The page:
A measure that would update infrastructure, focus on creating jobs and housing and provide grants to local governments in rural counties was announced in a Thursday press release from state Rep. Peter Abbarno, R-Centralia.
House Bill 1263, authored by Abbarno, would create the Rural Infrastructure Assistant Account, and is scheduled for a public hearing Jan. 27 in the House Community and Economic Development Committee.
“This account would provide grant funding, not a loan, for large rural infrastructure projects, so the Legislature would not be able to raid those funds during challenging budget years, as they have in the past,” Abbarno said in the press release. “It is focused on larger projects up to $10 million that would help create economic growth, such as sewer, water, stormwater, recycling facilities, broadband and other vital infrastructure.”
Abbarno, who previously served on the Centralia City Council, says rural communities are facing aging and crumbling infrastructure, and are hard-pressed to find the money to address their needs.
“Our smaller local governments are also at a disadvantage when trying to prepare for growth in their communities,” Abbarno said. “If funding becomes available for housing, but you don’t have the money for the infrastructure like sewer or water to support that housing, we then lose that opportunity for growth.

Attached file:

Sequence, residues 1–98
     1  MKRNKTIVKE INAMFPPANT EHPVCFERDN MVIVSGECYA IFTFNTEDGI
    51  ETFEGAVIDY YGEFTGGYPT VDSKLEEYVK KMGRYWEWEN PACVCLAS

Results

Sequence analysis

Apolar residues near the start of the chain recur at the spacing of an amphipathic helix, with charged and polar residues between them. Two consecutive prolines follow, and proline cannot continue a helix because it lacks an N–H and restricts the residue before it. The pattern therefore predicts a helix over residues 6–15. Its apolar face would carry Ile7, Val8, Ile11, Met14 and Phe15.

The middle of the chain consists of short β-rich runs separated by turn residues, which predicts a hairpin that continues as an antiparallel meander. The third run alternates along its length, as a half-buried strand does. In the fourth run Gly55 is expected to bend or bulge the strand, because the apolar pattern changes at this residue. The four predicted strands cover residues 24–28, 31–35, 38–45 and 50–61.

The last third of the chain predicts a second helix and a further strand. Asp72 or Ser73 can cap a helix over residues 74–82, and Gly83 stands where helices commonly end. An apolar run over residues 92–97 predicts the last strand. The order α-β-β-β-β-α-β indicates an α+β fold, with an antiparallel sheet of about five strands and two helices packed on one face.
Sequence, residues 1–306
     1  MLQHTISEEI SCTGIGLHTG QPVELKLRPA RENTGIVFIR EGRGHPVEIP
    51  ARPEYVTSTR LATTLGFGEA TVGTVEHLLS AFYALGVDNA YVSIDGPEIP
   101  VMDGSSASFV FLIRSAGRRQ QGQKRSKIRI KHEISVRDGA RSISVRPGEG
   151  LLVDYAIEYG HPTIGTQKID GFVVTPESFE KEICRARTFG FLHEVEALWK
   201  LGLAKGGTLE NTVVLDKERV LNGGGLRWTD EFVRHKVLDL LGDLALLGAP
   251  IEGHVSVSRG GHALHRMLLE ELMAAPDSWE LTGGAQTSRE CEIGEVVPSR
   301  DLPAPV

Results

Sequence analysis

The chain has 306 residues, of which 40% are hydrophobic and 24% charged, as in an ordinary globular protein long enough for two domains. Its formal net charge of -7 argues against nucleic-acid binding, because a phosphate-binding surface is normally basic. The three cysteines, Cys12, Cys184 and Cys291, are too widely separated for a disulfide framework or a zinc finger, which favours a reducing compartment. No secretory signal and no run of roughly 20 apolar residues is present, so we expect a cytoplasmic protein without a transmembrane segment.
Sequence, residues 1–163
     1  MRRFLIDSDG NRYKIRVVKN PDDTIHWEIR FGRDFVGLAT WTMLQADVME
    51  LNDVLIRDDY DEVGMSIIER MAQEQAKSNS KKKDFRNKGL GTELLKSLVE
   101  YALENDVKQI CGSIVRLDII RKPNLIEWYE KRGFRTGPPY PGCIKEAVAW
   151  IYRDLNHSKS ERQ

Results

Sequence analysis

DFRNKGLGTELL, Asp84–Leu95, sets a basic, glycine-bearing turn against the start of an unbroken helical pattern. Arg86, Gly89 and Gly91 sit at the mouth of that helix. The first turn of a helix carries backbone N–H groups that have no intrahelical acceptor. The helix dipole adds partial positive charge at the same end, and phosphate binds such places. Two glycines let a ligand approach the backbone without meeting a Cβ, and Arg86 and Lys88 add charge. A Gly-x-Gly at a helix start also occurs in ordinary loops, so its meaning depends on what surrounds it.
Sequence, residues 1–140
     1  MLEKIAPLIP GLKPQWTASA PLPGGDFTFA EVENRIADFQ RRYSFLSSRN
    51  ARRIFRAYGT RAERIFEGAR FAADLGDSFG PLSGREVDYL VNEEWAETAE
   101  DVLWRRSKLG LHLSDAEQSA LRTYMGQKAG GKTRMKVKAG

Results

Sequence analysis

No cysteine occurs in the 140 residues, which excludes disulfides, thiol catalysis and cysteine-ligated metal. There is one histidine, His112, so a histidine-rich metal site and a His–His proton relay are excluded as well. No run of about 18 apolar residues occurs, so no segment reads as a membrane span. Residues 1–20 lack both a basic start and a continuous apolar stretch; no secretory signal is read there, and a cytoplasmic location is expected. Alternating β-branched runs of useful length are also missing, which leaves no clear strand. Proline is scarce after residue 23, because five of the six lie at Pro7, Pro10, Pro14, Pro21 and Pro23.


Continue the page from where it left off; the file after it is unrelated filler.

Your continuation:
Abbarno said rural communities such as his in the 20th District need updated infrastructure to be able to grow and prosper, and his bill addresses that problem and focuses on creating regional opportunities for those smaller communities.
Traditionally, local governments have applied for low-interest loans through the state’s Public Works Assistance Account to pay for needed infrastructure. However, the Legislature has raided those funds in past years when there has been a shortfall in the state operating budget, leaving many of those communities without a method of funding local infrastructure, according to Abbarno.
Abbarno said his bill would eliminate that problem by creating a dedicated fund that would provide grants for local governments with a population density of less than 100 people per square mile, or counties smaller than 225 square miles.
“When you are in a distressed area of a county and are looking to create economic development through an infrastructure project, the last thing you want is a loan,” said Abbarno. “This would create a grant program large enough that would truly ignite growth, economic development, and important jobs.”
A public hearing is scheduled for 10 a.m., Wednesday, Jan. 27, in the House Community and Economic Development Committee.
For more information, visit leg.wa.gov/House/Committees/CED/Pages/default.aspx.